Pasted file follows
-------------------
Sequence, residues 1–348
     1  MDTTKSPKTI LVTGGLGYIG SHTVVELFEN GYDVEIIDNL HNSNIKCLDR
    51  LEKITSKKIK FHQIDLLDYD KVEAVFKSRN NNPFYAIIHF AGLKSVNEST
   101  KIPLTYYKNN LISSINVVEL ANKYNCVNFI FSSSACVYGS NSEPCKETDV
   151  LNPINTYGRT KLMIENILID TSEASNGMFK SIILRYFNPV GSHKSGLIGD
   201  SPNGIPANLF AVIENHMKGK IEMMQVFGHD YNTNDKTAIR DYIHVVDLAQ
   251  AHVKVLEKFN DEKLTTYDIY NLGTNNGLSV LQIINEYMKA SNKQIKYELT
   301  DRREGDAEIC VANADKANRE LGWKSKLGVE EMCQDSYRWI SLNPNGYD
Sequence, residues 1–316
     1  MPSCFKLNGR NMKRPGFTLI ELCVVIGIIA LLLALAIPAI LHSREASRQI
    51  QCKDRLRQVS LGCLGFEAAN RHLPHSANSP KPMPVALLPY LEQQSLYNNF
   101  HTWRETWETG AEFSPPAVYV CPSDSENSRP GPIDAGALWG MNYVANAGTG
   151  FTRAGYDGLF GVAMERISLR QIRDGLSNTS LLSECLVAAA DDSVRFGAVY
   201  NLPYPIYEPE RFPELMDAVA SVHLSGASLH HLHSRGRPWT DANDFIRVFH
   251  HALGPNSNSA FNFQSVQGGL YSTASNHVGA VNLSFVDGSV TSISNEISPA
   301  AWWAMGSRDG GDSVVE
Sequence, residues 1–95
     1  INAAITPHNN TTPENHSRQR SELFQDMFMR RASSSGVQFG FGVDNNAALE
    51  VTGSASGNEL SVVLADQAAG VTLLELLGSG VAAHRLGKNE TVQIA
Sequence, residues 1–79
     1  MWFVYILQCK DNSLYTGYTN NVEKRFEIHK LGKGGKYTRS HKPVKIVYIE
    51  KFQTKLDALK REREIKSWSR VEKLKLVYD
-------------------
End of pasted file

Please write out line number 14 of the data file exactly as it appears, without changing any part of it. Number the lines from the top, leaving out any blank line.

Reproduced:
   201  NLPYPIYEPE RFPELMDAVA SVHLSGASLH HLHSRGRPWT DANDFIRVFH